Children jump into the pool at the Fred Hampton Aquatic Center, 300 N. Fred Hampton Way (Oak St.), Maywood. This summer is expected to unusually warm, but not too hot that it can’t be handled by ComEd, company officials said.
Friday, June 3, 2016 || Originally Published: Cook County Chronicle | 6/1/16 || By Kevin Beese
Feel free to set that air conditioner a degree or two colder to cool off this summer. If your wallet can take it, so can the electricity grid.
Both ComEd and the regional transmission organization that provides it with additional power when needed, say they foresee no problems with meeting summer electricity demand. Even with a forecast of warmer-than-normal summer temperatures, ComEd and PJM Interconnection, its RTO provider, say they have ample extra power to draw from when needed.
The expected warmer-than-normal temperatures could cause volatile weather that increases power outages, but ComEd says it can handle that as well. ComEd is conducting 63 emergency preparedness operational exercises in 2016, a 16 percent increase in drills from last year.
“We want to make sure we are ready,” Terence R. Donnelly, executive vice president and chief operating officer of ComEd, said last week during an Illinois Commerce Commission Electric Policy Session on Summer Preparedness.
He said it is estimated that nearly 1 million people were spared power interruptions due to equipment improvements ComEd made during 2015.
ComEd continues to work to take safety precautions for workers and the public, Donnelly said.
“Safety is our No. 1 priority for our workers and the people who rely on us for service,” Donnelly said. “We are not just one of the safest electricity providers. We are one of America’s safest companies.”
Donnelly said the electricity company has made 300 improvements to its storm response effort – everything from providing faster texts and social media posts about outages to sending Community Care crews with phone chargers and water to areas hit with extended outages.
He said an increased social media presence is important for the company and customers.
“People want to know what is happening,” Donnelly said.
He added that more than 150,000 customers have signed up for the Peak Time Savings Program, cutting their electricity use during peak hours. That tripling of customers in the program frees up available kilowatts during high-demand times, Donnelly noted.
ComEd officials think the peak load for electricity could hit an all-time high this summer. The “worst-case” expected peak load for this summer is 24,083 megawatts. ComEd’s all-time system peak was 23,753 megawatts in 2011. ComEd reps said that even hitting the worst-case scenario point this summer would only have the power company at the 90th percentile and not overtaxing its systems.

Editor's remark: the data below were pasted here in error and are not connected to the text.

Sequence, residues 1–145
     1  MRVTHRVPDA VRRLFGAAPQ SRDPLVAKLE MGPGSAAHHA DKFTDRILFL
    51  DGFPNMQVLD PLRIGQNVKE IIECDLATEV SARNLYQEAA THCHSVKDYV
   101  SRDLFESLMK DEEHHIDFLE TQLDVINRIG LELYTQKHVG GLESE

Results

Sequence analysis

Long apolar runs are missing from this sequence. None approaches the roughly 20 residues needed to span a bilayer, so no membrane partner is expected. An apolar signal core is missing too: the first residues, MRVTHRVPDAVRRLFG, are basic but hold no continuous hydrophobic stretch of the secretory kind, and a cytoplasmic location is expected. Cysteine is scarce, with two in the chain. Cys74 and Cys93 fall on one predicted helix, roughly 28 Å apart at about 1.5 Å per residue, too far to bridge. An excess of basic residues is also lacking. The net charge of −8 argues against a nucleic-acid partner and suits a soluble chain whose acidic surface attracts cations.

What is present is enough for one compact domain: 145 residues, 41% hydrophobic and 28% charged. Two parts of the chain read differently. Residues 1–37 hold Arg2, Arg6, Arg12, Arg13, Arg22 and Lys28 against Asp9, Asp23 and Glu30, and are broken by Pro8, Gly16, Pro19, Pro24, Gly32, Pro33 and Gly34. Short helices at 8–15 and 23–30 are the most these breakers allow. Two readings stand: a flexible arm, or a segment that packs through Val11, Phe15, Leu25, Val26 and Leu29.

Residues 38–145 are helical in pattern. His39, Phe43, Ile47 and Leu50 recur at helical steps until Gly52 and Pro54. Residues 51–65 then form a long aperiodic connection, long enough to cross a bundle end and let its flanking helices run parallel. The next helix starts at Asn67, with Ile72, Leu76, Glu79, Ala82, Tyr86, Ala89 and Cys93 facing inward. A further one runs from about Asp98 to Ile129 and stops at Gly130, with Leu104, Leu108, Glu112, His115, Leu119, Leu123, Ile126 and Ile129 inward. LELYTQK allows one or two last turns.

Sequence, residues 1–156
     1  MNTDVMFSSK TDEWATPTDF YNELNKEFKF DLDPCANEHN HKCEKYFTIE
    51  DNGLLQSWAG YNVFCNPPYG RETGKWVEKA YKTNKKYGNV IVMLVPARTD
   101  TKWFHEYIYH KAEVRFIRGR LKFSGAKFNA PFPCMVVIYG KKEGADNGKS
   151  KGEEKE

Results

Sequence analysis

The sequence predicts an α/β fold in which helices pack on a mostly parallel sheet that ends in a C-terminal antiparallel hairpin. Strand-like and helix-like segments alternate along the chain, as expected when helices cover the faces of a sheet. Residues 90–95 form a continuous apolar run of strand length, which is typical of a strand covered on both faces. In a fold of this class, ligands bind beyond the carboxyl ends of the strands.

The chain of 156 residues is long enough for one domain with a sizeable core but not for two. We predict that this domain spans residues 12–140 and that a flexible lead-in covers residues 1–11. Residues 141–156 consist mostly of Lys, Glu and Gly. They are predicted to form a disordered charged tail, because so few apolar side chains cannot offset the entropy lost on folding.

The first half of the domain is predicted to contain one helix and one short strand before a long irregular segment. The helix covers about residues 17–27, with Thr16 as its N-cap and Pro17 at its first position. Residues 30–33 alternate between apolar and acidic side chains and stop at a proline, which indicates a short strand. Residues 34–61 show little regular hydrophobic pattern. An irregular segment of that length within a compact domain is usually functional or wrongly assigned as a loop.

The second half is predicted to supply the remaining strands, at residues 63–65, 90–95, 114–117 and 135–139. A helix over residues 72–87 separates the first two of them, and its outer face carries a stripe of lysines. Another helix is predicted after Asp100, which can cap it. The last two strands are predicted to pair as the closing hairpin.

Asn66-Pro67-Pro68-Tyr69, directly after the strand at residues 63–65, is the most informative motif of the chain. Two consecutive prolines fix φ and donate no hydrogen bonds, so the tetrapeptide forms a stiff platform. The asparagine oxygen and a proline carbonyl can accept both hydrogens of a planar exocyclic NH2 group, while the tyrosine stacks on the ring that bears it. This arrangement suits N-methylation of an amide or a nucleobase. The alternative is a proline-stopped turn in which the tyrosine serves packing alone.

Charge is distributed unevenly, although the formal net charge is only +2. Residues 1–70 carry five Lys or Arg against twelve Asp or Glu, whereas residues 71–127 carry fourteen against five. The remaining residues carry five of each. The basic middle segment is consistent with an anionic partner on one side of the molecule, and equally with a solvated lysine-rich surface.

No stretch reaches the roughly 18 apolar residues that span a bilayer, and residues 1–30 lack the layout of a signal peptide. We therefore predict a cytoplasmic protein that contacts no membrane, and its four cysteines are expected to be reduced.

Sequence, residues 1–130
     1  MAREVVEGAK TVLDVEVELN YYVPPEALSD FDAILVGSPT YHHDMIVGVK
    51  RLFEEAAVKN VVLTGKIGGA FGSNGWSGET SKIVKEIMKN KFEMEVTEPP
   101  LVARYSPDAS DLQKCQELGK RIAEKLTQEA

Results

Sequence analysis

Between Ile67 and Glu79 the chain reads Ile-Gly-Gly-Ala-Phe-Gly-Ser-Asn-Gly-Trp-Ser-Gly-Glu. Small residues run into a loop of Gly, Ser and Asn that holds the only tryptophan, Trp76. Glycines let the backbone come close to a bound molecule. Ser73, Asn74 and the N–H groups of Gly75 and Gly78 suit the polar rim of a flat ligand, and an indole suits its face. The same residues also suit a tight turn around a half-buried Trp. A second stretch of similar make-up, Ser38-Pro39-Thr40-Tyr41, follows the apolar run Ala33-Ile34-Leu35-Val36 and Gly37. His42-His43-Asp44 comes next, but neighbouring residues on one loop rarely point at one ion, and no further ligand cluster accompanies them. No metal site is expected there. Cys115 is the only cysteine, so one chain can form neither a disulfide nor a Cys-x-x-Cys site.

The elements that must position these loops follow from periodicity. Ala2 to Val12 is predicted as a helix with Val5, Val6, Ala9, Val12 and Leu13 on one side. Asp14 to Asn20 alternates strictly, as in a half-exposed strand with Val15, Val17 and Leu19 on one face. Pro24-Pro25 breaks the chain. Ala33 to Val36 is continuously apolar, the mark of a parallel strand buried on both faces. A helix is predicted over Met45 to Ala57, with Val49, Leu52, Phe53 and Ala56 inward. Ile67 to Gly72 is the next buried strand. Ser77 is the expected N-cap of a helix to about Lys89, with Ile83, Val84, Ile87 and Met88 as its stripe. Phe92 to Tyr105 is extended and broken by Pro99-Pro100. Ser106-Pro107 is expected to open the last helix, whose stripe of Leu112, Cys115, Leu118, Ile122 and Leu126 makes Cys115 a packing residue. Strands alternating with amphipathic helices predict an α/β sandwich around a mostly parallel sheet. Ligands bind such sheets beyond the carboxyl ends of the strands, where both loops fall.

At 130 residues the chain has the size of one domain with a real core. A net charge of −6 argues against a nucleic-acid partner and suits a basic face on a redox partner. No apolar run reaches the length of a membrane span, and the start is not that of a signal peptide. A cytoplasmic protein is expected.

Michelle Blaise, senior vice president of technical services for ComEd, said part of improving information-sharing with customers is getting better information from the company’s front-line personnel.
“We have made investments to improve accountability estimates and improve our response at the scene of outages,” Blaise said.
Blaise said that improved communication efforts have led to more than 300,000 customers subscribing to outage alert text messages.
“We are ready to meet the 2016 forecast (power) loads,” Blaise said.
PJM Interconnection, which serves as a regional transmission organization in 13 states, including Illinois where it provides back-up support for ComEd, expects to be able to handle any surge in electricity needs for the region.
Richard Mathias, senior consultant for PJM and former chairman of the ICC, noted what a huge electricity provider ComEd is. He noted that ComEd averages using 20-25 megawatts of power while PJM’s entire 13-state area uses 165 megawatts of electricity.
Mathias said that natural gas has increasingly been used in the creation of electricity, going from 5 percent of PJM’s electricity in 2005 to 20 percent in 2015.
Coal has done the opposite becoming less of source of electricity during the last 10 years and almost non-existent in the future, Mathias said.
Mathias said the biggest users of electricity have also changed over the years.
“We don’t have the steel mills anyone, but now we have data centers and they have a huge need for electricity,” Mathias said.
John Rosales, a commissioner of the ICC, noted that Illinois utilities have made efforts “to modernize and strengthen the grid … intended to improve system reliability, thereby helping Illinois customers experience less outages, and improving power restoration.” VFP